[Top][All Lists]

[Date Prev][Date Next][Thread Prev][Thread Next][Date Index][Thread Index]

Re: Dynamic loading progress

From: Daniel Colascione
Subject: Re: Dynamic loading progress
Date: Mon, 14 Sep 2015 11:05:02 -0700
User-agent: Mozilla/5.0 (X11; Linux x86_64; rv:38.0) Gecko/20100101 Thunderbird/38.2.0

On 09/14/2015 10:48 AM, Stefan Monnier wrote:
>> Representing errors more conventionally is cheap.
> AFAIK "representing errors more conventionally" means wrapping every
> single function we pass to the module API.  That's definitely not cheap
> in terms of performance.

Yes, we need an internal condition-case at the boundary between the
module API and the Emacs core. I can call setjmp 54 million times per
second. (100000000 runs in 183ms.) Performance is simply not a problem.

>> If there's even a small chance that I'm right about the safety and
>> maintainability advantages of using purely local exits,
> Representing errors as exceptions also has advantages.

Besides performance? Longjmp for error handling has an _expressiveness_
advantage in the Emacs core, but that's because we use GC data
structures for everything. Not so with external modules.

>> why not err on the side of caution? AFAICS, there's no advantage to
>> using non-local exits and plenty of risks.
> There are very many advantages, on the contrary.

In a non-local exit scheme intended for use with third-party code and
not supported by any standardized exception system (like C++ exceptions
or SEH), I see only risks.

> Also, I expect most module authors will be familiar with Emacs, and
> having to learn a different style will be an extra hindrance.

I expect them to be familiar with Emacs. There is no need to make module
developers familiarize themselves with Emacs internals. The public API
should insulate them from that.

>>> But the issue only comes up once these non-Emacs libraries call back to
>>> Emacs functions (i.e. step 5 in my example).  So only those calls need
>>> to be protected somehow from non-local exits.
>> Calls back to Emacs functions will be fairly common, because modules use
>> these functions to manipulate Emacs data on behalf of their own callers.
>> Any of these functions can quit. What you're imagining will be a rare
>> case will in fact be common.
> You're not talking about the "step 5" case.  You're talking about the
> Emacs-specific module code calling Emacs functions.  Indeed, this will be
> very common.  But to write this code, you will have to know a fair bit
> about Emacs internals, anyway.  It will not look like your "typical C++
> code".

Why shouldn't it? We _can_ make it look just like typical C++ code, and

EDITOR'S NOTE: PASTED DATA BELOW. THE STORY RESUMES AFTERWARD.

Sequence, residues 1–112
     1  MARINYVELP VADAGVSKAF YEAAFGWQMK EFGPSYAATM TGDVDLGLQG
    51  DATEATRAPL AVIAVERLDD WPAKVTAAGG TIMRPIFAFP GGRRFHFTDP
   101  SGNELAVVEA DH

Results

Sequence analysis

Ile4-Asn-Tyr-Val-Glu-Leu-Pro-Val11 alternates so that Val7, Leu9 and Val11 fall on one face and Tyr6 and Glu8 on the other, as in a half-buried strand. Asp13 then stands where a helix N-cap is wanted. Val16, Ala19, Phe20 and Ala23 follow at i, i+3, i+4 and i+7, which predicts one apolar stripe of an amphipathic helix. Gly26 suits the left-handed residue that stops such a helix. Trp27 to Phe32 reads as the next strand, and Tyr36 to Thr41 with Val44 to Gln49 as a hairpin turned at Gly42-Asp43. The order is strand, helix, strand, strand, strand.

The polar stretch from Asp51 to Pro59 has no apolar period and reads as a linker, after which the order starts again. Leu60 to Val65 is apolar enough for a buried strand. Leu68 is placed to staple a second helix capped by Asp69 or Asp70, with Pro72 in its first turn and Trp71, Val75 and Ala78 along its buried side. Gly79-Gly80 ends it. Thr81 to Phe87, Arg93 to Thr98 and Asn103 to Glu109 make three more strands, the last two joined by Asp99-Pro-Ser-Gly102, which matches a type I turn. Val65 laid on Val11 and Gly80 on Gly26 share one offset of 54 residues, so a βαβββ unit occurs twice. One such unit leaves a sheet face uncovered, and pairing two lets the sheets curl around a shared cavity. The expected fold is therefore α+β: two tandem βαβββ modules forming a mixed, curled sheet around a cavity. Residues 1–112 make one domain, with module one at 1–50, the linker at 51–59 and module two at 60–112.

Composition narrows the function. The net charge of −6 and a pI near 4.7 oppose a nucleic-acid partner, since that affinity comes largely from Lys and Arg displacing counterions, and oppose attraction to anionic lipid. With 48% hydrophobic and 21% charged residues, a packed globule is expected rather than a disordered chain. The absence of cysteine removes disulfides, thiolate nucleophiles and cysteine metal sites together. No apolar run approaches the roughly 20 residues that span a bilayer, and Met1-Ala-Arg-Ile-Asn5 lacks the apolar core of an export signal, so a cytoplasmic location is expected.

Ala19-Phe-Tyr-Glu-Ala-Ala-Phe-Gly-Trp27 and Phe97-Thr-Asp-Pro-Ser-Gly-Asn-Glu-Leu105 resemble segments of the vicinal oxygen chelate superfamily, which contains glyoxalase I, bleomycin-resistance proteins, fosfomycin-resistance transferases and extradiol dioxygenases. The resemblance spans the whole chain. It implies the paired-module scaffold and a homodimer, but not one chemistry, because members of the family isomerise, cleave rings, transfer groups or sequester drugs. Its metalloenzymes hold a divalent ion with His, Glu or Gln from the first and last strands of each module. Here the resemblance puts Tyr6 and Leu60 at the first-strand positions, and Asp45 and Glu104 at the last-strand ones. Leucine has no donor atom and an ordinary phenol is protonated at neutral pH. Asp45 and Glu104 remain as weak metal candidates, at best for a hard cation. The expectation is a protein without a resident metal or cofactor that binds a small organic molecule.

to encourage module development, we should. Why make life harder for people?

>> I also don't think it's correct that the Emacs-specific module code will
>> work properly in the presence of modules. You're supposing too much
>> patience and knowledge on the part of third-party module authors who'll
>> want to provide bindings not only for Emacs, but for other systems as well.
> I don't forsee droves of coders who no nothing about Emacs internals and
> who start writing third party modules.

Plenty of developers know nothing about Java or Python or Ruby or C# or
V8 internals and write native extensions for these systems. Supporting
developers who know the Lisp side of Emacs and who don't want to be
bothered working in core is one of the most important use cases of the
module system.

> In any case, I think it would be easy to layer the kind of API you
> imagine on top of the kind of API I imagine, whereas the reverse seems
> to be much more difficult and/or much less efficient.

On the contrary, layering a different non-local exit scheme on top of an
error flag scheme is elegant. Imagine a C++ module library that throws a
C++ exception upon returning from Emacs and seeing the error flag set,
the translates (just before returning from C++ to Emacs) that C++
exception back into an Emacs error. Now you have a non-local error
scheme that is exactly the right thing for both languages.

> So I'd rather we go with a straightforward lean API for a start.
> And we can develop an alternative API on top afterwards (it might even
> be possible to implement this alt-API as a module).

A local-exit-only API _is_ a lean API, at least from a semantics
perspective. It's not surprising. The cost of the error flag machinery
in terms of both performance and API specification space is minuscule as

>>> Of course it is.  We already do that in Emacs's core with things like
>>> safe_call.
>> safe_call blindly suppresses errors.
> You're nitpicking.  Of course we'd use something slighly different which
> stores the error somewhere.  Th point remains that it's easy to provide
> such a wrapper.

So now we need some kind of explicit error propagation machinery
*anyway*, plus we're making developers worry about non-local exits.
Let's skip the latter part.

>> Errors from module-invoked functions to propagate normally from the
>> perspective of surrounding Lisp code.
> [ Is there a verb missing, maybe, I can't quite parse this, sorry.  ]

s/to //

I don't want C-g to break when module, core, and lisp frames are mingled
on stacks, and I expect these situations to be fairly common, especially
if we support modules with names like "python" and "guile".

Attachment: signature.asc
Description: OpenPGP digital signature

reply via email to

[Prev in Thread] Current Thread [Next in Thread]